MARION COUNTY, Ky. (WKYT) - "Attention to rescue and ambulance personnel, there has been a trailer blown over," a dispatcher says calmly and collected, on January 30th.
But for the Colvin family, in Marion County, that moment in their life was far from being either calm or collected.
"There's an EMS worker on the other side of you trying to walk up, he's blocked where the lines are down," the dispatcher later assured a caller at the scene.
"Ten years was gone in a matter of seconds," reflects Pamela Colvin, looking at the mangled mess where her home once stood.
An EF-0 tornado seemed to drop out of the sky and onto their trailer leaving very little behind, and, yet, everything around them stayed intact.
"We still talk about it everyday, wondering how it can hit one home and other places behind you or beside you doesn't get touched," said Colvin.
Despite the mystery of the natural force, the reality is the family is still having to stay in a motel room. While their lives have been turned upside down, they say they're lucky to have been spared.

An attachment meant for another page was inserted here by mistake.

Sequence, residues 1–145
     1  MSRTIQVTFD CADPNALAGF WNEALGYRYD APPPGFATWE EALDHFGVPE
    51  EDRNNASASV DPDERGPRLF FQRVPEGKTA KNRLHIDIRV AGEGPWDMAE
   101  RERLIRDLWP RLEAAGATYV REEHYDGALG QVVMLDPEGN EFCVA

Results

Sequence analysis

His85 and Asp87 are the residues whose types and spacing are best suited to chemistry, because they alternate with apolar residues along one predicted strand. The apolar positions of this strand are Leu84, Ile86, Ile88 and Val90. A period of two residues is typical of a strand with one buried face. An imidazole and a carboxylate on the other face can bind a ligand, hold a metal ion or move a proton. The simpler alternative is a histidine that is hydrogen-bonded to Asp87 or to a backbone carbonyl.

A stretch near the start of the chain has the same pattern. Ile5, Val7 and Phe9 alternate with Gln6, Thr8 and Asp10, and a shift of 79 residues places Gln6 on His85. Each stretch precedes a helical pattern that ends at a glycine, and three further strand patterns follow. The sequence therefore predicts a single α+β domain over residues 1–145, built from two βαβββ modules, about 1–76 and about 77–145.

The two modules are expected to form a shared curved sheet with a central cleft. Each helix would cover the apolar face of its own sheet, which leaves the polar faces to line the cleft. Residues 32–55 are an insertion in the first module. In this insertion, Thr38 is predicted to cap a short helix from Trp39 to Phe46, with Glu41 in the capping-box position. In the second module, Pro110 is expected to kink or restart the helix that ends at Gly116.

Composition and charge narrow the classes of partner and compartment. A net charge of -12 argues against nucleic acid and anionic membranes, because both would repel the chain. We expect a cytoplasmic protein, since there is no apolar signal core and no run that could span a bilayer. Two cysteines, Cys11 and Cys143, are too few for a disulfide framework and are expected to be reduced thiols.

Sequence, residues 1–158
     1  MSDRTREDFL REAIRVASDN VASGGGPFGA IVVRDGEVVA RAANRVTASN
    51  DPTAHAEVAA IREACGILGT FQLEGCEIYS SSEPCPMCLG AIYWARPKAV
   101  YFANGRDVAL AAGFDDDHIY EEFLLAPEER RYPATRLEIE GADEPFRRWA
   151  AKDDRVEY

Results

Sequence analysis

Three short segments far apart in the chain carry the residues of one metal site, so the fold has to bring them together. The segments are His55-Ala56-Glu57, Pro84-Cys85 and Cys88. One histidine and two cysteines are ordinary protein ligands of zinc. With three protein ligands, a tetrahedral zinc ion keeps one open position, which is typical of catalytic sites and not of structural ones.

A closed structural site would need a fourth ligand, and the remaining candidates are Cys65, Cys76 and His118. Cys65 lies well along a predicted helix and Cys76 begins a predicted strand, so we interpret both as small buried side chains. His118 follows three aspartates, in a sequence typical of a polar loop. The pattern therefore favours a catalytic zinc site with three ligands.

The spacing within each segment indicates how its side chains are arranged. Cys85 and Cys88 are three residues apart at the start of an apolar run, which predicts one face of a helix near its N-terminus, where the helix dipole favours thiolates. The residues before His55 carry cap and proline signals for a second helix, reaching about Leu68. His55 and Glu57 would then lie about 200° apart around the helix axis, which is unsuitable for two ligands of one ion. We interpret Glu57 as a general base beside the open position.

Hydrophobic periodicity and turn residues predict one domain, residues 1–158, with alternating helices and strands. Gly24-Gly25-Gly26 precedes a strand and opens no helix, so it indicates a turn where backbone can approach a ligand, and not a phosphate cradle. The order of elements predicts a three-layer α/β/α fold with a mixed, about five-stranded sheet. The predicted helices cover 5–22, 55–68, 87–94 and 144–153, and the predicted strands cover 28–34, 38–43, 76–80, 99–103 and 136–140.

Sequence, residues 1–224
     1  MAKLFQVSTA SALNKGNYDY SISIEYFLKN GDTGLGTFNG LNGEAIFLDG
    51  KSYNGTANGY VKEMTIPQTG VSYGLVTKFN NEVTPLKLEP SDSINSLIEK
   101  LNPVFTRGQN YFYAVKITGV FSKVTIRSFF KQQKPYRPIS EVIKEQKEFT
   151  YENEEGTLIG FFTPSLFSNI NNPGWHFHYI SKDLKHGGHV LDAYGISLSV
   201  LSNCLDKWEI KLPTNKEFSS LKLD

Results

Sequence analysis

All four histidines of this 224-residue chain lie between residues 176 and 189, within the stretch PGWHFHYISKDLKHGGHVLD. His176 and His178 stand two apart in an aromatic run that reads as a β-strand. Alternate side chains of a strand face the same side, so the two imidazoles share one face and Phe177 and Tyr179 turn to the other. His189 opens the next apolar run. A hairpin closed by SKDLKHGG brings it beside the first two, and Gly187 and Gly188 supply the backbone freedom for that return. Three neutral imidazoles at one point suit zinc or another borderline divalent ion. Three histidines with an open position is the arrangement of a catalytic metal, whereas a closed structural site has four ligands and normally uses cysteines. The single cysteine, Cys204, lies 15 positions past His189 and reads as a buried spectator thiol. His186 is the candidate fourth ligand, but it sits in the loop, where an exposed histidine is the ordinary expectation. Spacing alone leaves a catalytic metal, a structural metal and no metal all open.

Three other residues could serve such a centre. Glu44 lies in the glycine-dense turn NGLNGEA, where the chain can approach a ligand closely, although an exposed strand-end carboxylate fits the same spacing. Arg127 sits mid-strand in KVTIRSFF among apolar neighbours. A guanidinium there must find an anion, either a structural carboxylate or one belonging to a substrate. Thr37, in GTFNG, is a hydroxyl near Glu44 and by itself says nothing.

"This stuff, here, it's replaceable but our lives aren't."
When the tornado hit, it threw each family member in a different direction injuring their youngest son, Tyler, who just had a birthday on Monday.
"He went out the window and the side, front of the house."
On the 9-1-1 call, a man describes the injury to the dispatcher, "Yeah, it got blowed over and it cut my little nephew was in it, and it cut his ankle and his leg. he cut it pretty bad, too."
"It's like a nightmare," described Colvin who says Tyler's ankle was cut to the bone, but he's okay.
The nightmare continues for the young boy.
"He's scared that we're gone from him and everything," said his father, Jeremy Colvin, adding that the boy wakes up often during the night.
Tyler, in his own words, can only express how much he misses having a home.
"I'm sad that the house is gone, I wanted to stay in that house forever."
Still, life goes on and the family is determined to pick up the pieces and carry on.
"We try to go day by day," said Pamela Colvin.
Since the tornado wrecked the home, the family decided to burn what they could not salvage.
An account has been set up with Citizen's Bank in Campbellsville to help the Colvins recover.